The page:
Professor John Sutton of the International Growth Centre (IGC) and LSE pinpoints the factors necessary for long-term job creation and economic growth in selected African countries.
Sub-Saharan Africa could be on the threshold of becoming a major global economy, according to one of the world’s most respected economic authorities on the region.
Professor John Sutton, who spoke at Growth Week 2013 in London said that several leading economies in sub-Saharan Africa will become middle income countries if they sustain their rapid growth rates of the past decade.
The Sir John Hicks Professor of Economics at the London School of Economics and Political Science has spent the past few years mapping a detailed economic profile of industries in Ethiopia, Ghana, Tanzania, Zambia and Mozambique.
“These countries are big news in terms of globalisation. Agriculture has played a large role in their economic growth over the past 10 years, as well as increases in the international price of raw materials, but there has also been a doubling of real growth in their industrial sectors,” Professor Sutton said.
To build on this success, however, global companies operating in sub-Saharan Africa need to integrate closely with local firms to bring these economies forward, he added.
“The snapshot picture of these economies is that there are some world class firms scattered across sub-Saharan Africa but the weak link is middle ground manufacturing. An injection of direct foreign investment from international manufacturing companies is needed to make that transition.”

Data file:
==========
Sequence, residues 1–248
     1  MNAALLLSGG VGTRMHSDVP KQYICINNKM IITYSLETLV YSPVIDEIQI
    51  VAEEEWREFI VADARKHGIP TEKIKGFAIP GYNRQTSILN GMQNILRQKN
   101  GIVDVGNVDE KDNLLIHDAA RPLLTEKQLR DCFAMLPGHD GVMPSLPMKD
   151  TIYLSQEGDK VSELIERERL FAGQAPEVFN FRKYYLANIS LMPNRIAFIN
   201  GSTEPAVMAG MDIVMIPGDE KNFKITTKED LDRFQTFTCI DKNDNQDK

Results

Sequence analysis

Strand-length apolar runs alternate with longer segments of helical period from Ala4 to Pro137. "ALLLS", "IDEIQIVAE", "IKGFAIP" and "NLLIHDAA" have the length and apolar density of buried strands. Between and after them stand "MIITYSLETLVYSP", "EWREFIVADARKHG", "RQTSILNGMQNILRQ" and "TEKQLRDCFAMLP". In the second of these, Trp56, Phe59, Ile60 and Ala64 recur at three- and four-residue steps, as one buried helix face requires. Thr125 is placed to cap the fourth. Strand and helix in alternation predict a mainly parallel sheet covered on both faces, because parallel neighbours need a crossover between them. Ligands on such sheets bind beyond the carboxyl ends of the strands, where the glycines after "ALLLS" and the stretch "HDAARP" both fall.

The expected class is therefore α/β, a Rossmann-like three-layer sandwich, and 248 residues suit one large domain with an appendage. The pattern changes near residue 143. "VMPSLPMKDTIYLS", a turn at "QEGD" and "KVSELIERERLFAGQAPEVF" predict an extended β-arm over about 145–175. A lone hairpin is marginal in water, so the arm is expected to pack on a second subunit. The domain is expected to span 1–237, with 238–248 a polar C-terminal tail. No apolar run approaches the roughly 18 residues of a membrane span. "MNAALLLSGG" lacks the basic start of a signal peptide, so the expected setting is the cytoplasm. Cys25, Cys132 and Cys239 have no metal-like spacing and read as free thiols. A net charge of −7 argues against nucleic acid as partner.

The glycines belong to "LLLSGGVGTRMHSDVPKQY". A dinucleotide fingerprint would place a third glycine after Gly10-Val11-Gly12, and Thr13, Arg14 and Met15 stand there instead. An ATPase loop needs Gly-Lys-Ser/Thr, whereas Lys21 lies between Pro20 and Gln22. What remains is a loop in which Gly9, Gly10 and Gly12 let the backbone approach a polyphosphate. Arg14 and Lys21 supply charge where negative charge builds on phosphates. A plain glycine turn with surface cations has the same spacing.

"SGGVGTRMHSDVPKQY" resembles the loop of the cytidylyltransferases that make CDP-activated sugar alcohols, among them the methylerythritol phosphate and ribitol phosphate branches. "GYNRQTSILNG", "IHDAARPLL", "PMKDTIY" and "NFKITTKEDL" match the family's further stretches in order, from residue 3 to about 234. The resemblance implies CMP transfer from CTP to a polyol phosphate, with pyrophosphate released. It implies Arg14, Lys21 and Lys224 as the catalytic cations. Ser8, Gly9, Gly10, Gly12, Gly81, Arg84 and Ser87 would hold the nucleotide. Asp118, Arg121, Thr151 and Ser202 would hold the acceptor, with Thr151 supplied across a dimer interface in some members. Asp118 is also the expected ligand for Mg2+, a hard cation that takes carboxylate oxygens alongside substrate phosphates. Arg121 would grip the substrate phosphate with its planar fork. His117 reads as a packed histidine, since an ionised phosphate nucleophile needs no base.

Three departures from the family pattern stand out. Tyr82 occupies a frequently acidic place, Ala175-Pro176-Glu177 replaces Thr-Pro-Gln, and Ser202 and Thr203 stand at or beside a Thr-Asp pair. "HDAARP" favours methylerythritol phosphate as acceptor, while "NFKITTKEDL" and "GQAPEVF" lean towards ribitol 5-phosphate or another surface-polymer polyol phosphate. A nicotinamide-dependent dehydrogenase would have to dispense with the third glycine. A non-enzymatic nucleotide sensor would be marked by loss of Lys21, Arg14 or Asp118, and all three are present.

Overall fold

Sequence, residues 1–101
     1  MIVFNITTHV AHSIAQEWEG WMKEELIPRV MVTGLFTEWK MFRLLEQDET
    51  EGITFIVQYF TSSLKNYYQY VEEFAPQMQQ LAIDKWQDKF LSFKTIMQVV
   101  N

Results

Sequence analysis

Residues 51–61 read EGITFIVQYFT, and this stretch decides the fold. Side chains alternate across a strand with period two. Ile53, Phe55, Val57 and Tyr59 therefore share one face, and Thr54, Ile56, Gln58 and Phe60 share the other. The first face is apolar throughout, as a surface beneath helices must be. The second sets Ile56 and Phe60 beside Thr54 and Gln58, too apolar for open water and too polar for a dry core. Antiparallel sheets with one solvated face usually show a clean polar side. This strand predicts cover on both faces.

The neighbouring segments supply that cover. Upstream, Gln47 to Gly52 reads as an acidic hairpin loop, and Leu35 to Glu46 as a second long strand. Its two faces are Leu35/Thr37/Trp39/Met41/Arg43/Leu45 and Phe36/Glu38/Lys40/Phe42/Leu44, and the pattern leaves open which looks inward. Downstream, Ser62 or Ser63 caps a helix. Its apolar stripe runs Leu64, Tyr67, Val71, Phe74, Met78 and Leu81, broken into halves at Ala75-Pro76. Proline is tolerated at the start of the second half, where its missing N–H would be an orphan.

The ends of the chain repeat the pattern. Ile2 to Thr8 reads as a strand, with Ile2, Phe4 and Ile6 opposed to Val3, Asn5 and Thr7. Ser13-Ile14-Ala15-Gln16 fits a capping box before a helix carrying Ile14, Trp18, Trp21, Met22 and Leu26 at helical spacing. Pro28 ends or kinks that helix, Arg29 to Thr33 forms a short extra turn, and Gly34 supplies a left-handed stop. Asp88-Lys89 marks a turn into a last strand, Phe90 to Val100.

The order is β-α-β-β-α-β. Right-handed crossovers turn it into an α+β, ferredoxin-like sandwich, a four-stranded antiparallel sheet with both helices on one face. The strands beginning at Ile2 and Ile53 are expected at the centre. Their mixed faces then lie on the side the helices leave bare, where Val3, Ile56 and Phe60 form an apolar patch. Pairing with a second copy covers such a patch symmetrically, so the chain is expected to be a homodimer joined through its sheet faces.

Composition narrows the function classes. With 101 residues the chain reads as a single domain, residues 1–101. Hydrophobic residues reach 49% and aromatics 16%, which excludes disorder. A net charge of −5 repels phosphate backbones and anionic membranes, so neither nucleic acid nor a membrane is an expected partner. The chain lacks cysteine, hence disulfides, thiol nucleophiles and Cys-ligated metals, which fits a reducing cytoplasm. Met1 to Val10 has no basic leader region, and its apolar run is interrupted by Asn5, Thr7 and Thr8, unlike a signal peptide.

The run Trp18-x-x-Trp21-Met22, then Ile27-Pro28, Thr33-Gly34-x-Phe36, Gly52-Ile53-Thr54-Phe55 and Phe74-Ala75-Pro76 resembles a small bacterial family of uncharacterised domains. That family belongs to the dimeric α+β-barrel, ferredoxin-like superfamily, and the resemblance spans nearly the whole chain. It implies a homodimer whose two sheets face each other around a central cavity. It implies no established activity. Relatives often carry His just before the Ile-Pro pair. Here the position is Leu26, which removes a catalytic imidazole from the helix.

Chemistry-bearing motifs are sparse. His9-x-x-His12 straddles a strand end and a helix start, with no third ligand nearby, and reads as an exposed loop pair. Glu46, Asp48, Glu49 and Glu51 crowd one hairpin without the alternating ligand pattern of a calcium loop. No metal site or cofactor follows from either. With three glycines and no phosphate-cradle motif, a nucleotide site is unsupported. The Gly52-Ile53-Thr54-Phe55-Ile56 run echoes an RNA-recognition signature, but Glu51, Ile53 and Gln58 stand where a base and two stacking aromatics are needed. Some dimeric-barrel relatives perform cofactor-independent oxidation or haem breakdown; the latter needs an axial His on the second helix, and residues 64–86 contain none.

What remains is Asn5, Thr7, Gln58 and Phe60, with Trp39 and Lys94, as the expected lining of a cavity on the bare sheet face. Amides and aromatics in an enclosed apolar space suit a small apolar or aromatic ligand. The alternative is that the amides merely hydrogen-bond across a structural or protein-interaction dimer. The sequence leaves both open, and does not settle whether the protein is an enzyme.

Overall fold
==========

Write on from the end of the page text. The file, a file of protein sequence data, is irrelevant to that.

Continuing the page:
Professor Sutton said there was no scarcity of entrepreneurs in Africa, but experienced middle managers with the right market intelligence were thin on the ground.
Africa had lost potential foreign investment opportunities since the 1990s due to the attraction of China and India, he said, although there were signs of that trend reversing.
China’s textile industry is waning due to rising wages and firms are increasingly moving from Pakistan to Ethiopia to achieve lower unit costs, facilitated by the rise of air freight in sub-Saharan Africa.
“Tanzania is also about to enjoy a boom with the offshore gas industry. A lot of multinational companies are injecting money into the country, however the right frameworks need to be in place for the economy to reap the benefits long term.”
His enterprise mapping books are designed to do just that – provide governments, local firms and overseas companies with a comprehensive profile of the industries operating in each sub-Saharan country.
The books, produced by LSE’s International Growth Centre, describe the existing capabilities of major firms in Ethiopia, Ghana, Tanzania and Zambia, highlighting the factors needed for large-scale, long-term job creation and economic growth. An enterprise map of Mozambique is in the planning stages.
“There is huge excitement in sub-Saharan African countries that if they can sustain existing growth rates for another decade, they will become middle-income countries. That would provide a beacon for all other African countries and help make the continent a global power,” Professor Sutton said.